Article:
Vitality – Noun
- Exuberant physical strength or mental vigor
- Capacity for survival or for the continuation of a meaningful or purposeful existence
Every action is preceded by a need or desire. Some take action because of the desire for abs, or because of the need to reduce their dangerously high blood pressure. Goals are essential to direct your activity toward relevant results. Any objective that gets you moving is a worthy pursuit; it teaches you to apply yourself and take charge of your health, your strength, your body image. However, this is only the beginning.
Physical self-actualization is the ultimate goal; the ascent to one’s most well-rounded and physically able form. The specializations along the way can be arranged into layers from foundation to peak.
The position of each specialization in the pyramid is based on three primary factors:
- The discipline required to excel
This takes place 100% within the mind of the practitioner. It is the sum of one’s determination and consistency.
2. The time required to excel
This is dictated by the average amount of time it takes a dedicated practitioner to reach “generalist” status in a given attribute.
3. The functionality of the specialization
The degree to which the physical skills acquired in the pursuit of a given specialization improve the practitioner’s quality of life and carry over to other specializations.
Level 1 – Aesthetics
Whether the goal is to lose a few pounds before summer or to cut 4% body fat for the physique competition, aesthetics are as much the tip of the fitness iceberg as they are the foundational layer of the Vitality Pyramid. The desire to be sexy is what attracts the vast majority of us to get moving in the first place. Training for aesthetics approaches the human physique as a work of art. The practitioner is a sculptor, and the practitioner’s body — an amorphous substrate. Through diet and calculated training, he/she has the ability to exact change on the proportions of muscle groups, emphasize muscle striation, increase vascularity, all within the confines of genetic predisposition. However, the irony of aesthetic training is in its limitation. The very training necessary to sculpt this idealistic human physique often renders the body rigid and immobile. The only way to counter this effect is to pursue higher specializations in conjunction with aesthetics.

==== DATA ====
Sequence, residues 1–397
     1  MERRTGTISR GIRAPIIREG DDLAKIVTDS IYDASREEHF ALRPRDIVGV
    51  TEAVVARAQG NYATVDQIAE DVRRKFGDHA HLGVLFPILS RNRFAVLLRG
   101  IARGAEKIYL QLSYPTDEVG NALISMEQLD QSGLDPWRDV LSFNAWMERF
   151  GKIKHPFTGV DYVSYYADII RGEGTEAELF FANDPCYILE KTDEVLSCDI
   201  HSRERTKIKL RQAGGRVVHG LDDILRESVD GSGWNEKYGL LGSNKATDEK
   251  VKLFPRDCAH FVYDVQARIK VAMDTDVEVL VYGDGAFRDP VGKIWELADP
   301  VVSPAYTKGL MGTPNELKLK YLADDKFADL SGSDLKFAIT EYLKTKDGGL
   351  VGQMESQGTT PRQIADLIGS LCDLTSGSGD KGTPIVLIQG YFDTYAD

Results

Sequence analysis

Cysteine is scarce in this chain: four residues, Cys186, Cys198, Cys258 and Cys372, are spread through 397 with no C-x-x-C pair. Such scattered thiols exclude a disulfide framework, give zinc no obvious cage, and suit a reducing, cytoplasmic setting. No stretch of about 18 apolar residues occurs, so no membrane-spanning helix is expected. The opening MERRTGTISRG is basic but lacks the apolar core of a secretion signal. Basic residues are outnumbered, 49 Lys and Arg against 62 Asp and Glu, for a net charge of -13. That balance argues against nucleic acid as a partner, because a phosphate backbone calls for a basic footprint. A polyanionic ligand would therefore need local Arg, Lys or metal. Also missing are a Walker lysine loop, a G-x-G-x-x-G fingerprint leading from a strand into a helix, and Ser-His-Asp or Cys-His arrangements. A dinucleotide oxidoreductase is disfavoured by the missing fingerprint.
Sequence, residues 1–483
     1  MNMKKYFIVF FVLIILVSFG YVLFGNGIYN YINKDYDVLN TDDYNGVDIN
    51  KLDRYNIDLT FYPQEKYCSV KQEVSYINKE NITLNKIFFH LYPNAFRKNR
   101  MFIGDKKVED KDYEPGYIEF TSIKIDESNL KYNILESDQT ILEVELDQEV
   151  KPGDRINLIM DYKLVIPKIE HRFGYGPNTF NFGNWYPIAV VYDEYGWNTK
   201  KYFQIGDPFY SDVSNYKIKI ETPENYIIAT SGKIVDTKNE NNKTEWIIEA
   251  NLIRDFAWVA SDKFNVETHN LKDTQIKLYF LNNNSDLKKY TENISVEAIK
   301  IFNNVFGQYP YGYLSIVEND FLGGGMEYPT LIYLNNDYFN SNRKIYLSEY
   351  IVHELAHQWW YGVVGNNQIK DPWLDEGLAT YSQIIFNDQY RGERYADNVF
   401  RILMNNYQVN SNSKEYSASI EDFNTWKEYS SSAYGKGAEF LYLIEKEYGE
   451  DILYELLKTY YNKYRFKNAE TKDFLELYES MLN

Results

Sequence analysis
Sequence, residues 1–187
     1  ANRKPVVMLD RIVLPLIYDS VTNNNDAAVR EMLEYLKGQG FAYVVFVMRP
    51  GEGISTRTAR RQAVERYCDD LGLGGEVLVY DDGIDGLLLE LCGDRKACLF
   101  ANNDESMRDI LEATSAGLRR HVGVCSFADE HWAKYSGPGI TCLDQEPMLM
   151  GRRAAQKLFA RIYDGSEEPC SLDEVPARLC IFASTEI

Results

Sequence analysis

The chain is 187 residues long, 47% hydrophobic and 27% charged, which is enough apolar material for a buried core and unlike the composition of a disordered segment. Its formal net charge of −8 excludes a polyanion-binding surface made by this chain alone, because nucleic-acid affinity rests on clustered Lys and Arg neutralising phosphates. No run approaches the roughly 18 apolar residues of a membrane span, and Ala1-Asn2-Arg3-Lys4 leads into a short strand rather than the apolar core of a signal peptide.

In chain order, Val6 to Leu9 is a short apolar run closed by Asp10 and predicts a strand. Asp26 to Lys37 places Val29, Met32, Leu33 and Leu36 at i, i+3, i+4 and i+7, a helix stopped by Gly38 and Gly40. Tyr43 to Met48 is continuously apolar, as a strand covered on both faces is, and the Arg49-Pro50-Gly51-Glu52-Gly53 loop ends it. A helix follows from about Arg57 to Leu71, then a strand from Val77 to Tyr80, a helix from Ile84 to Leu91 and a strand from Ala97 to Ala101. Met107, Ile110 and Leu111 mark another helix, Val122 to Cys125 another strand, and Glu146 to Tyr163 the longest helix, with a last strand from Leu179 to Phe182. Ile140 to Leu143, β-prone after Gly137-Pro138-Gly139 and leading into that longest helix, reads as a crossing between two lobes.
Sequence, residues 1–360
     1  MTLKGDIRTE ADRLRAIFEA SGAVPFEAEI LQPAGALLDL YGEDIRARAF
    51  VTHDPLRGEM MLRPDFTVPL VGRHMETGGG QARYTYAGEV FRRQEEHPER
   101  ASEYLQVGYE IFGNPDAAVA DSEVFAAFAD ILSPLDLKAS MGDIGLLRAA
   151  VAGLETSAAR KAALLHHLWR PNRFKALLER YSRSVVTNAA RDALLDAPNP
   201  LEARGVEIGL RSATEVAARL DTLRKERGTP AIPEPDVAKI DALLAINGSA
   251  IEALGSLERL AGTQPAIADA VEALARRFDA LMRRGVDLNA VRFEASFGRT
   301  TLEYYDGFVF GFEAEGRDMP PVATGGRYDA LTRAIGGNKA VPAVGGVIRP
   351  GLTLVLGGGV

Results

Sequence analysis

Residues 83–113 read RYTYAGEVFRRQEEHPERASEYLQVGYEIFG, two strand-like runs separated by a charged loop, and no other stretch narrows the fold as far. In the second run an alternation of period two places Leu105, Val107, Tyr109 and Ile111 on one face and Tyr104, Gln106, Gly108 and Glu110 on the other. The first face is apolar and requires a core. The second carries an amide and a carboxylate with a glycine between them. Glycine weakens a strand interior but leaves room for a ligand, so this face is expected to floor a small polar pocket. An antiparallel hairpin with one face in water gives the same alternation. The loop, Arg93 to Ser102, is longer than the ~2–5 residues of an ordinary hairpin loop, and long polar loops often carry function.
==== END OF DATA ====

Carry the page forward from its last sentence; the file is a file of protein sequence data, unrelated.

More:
Level 2 – Endurance
Endurance in its simplest form refers to how efficiently one’s body is able to utilize oxygen. It typically governs the amount of time one can continuously perform a given submaximal task. One’s cardiovascular and/or muscular endurance can be developed over many years, but results for the general practitioner can be fickle. One’s level of cardiovascular conditioning can improve rapidly given the appropriate variations in training. Improvements in endurance are gained and lost considerably faster than in other disciplines depending on the focus of programming.
Reduced blood pressure and cholesterol, lower resting heart rate, and improved utilization of dietary fat for energy are all results associated with endurance training. However, these results are not exclusive to endurance training, and in excess, it can hinder the results of other endeavors.
Level 3 – Strength, Power and Work Capacity
Simply put: Strength refers to the amount of weight (load) that you can move in a certain way. Power refers to how quickly that load can be moved. Work capacity relates to the amount of work that can be performed in a given time, or the amount of weight that can be moved for a given number of repetitions.
Strength is dictated primarily by the ability of the central nervous system (CNS) to recruit muscle fibers to pick up heavy things. At first, this adapts to new stimulus very quickly. At elite levels, adaptations to the CNS can take months or years of consistent training to achieve. Increase in muscle size is often necessary to elicit continued positive adaptation in raw strength. Strength is most directly observed in competitions like Powerlifting or Strongman, and in these sports, strength is exhibited in proportions that are perhaps best described as super-human. The pursuit of strength is a rigorous one, but often encourages sacrificing technique in order to lift maximal weight, particularly with less experienced athletes.